Fidelity when times are good.

It’s just as true when we’re talking about God. Christians just love God—when times are good, when our family members are getting along, when our health is fine, when the job pays comfortably, when there are no crises or problems. Now, take any of these things away, Job-style, and suddenly these devout, earnest, verse-quoting Christians quit church and aren’t sure they even believe in God. Aren’t sure they ever believed in him.

Yep, God crossed that other line with them. (Or circumstances did; or in Job’s case, Satan did.) Their fidelity to God was entirely contingent on whether he let them keep the things they really valued, and when he didn’t do that anymore, they adopted the attitude of Job’s wife.

Job 2.9-10 KWL
9 Job’s woman told him, “You still cling to your integrity? Bless God and die.”
10 Job told her, “You speak like one of the fools speak.
When we receive the good we’re with God, and we won’t receive the bad?”
In all this, Job didn’t sin with his lips.

Yeah, some bibles translate her words as “curse God,” (i.e. KJV), but בָּרֵ֥ךְ/barékh means “bless.” But no doubt Job’s wife meant it in the same ironic sense Bible Belt Christians do when they say “Bless your heart” and actually mean “Go to hell.” She lost everything, same as Job, but her fidelity to God only extended so far. Job’s didn’t—which is why the book’s about him and not them.

Satan expected Job to act exactly like his wife, Jb 1.11 because that’s how humans are. We prize faithfulness, but not faith: We don’t trust God that far.

Some of this is because of our own naïveté. We think of God as a form of Santa Claus or genie, who’s obligated to bless us as long as we maintain good karma. When we’re obedient, when we believe all the stuff we think he wants us to, when we say all right the Christian things. Some of this is ’cause it’s what we were taught: “Come to Jesus and he’ll make everything all better” is how we expect he works. So when he doesn’t make everything all better, our faith shatters and blows away. Our fidelity, and our faith, was entirely conditional. It’s why we see Christians spend more time trying to protect what’s ours, rather than giving everything to Jesus. It’s why we see a lot of rich young rulers instead of disciples.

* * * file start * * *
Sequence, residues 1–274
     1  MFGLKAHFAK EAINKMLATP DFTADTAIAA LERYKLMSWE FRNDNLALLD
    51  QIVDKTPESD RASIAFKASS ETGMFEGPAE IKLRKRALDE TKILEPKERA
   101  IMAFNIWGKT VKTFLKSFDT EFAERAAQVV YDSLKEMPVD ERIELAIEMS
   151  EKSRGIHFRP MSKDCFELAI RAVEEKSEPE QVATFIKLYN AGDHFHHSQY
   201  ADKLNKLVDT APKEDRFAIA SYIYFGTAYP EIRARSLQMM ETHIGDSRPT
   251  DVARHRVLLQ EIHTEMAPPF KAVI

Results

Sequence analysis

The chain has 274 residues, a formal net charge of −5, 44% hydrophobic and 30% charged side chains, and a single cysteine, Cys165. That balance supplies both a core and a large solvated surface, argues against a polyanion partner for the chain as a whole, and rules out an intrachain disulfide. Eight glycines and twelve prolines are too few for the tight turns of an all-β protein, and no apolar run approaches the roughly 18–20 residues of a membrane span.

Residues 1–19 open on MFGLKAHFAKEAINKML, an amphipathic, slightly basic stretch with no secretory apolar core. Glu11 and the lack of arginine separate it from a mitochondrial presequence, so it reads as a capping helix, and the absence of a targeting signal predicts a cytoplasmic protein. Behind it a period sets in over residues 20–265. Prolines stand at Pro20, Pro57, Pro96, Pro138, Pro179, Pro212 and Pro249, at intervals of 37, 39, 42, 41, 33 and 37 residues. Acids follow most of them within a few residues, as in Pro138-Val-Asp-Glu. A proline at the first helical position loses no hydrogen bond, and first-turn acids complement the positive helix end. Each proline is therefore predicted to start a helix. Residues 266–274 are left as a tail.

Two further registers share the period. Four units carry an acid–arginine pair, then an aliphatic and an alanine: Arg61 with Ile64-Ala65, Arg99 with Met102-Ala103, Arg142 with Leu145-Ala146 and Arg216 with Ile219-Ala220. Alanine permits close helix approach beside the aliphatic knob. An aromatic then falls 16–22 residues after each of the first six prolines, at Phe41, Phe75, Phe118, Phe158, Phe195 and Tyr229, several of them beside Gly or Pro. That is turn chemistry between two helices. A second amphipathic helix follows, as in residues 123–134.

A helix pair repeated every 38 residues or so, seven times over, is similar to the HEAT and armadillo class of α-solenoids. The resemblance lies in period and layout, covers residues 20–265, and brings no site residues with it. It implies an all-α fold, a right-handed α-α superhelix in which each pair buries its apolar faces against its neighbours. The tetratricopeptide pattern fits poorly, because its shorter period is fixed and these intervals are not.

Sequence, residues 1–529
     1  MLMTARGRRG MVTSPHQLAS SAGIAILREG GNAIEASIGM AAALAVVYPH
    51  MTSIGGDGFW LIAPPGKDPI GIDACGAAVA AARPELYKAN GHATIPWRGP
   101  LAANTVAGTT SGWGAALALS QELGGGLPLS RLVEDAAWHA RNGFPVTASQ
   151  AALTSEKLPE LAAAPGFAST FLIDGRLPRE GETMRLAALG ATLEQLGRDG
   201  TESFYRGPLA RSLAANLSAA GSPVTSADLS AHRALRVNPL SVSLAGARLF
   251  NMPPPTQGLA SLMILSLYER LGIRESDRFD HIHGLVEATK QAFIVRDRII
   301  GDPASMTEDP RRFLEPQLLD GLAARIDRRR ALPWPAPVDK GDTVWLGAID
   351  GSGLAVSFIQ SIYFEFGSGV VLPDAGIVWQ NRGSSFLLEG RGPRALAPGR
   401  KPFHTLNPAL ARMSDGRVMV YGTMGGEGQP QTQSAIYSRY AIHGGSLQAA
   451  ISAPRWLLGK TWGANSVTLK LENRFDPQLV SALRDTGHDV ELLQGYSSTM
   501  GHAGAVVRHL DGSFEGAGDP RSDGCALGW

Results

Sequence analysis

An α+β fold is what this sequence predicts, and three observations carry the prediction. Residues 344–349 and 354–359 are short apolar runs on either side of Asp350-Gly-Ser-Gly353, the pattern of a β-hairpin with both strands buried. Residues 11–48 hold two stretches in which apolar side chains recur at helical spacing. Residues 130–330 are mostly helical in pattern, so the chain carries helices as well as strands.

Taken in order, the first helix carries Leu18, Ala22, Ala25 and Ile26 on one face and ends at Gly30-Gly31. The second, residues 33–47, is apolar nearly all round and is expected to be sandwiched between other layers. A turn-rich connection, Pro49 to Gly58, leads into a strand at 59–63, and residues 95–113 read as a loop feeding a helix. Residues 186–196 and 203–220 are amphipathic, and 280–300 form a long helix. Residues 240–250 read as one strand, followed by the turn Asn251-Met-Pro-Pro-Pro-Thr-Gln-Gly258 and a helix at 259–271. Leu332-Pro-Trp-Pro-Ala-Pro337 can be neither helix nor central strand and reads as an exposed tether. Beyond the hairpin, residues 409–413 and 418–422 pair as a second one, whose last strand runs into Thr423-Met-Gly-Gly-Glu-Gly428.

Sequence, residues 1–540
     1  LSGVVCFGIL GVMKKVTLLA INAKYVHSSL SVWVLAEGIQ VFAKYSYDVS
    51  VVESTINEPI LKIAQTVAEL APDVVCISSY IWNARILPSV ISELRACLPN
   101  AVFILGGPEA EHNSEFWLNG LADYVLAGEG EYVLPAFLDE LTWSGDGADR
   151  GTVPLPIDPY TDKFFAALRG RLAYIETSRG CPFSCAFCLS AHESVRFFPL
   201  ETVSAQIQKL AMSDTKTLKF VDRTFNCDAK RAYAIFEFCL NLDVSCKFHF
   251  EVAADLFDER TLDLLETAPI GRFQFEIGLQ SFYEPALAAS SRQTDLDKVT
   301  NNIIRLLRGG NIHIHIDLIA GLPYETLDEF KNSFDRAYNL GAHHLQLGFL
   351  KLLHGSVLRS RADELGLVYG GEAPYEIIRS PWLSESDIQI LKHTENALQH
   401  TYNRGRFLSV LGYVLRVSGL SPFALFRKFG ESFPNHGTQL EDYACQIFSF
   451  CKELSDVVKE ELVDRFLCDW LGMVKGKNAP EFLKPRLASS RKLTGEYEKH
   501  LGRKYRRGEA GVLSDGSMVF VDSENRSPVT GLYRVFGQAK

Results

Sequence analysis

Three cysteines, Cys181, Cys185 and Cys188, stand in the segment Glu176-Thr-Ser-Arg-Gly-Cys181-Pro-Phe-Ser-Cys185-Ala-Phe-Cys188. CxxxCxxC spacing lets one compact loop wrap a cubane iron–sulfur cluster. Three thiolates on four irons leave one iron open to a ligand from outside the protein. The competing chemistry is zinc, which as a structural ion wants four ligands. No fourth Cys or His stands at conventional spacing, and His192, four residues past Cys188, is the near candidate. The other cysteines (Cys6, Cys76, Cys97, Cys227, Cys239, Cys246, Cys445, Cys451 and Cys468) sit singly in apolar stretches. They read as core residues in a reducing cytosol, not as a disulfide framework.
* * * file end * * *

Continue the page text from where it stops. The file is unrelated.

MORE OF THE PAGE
Blind fidelity versus godly fidelity.

It’s easiest to be faithful to something imaginary. After all, it’s all in our heads. Plus we can tweak it as we go, to make it as ideal as we like it.

Hence there are many Americans who are loyal to “America,” even though the America in their heads is entirely fictional. It’s not the United States as it is, but as they imagine it used to be… but never actually was ’cause they don’t know squat about history. It’s the United States as they wish it were… but it’s a simplistic view that commits a lot of grievous evil towards the rich and powerful, or the weak and needy, depending on your politics.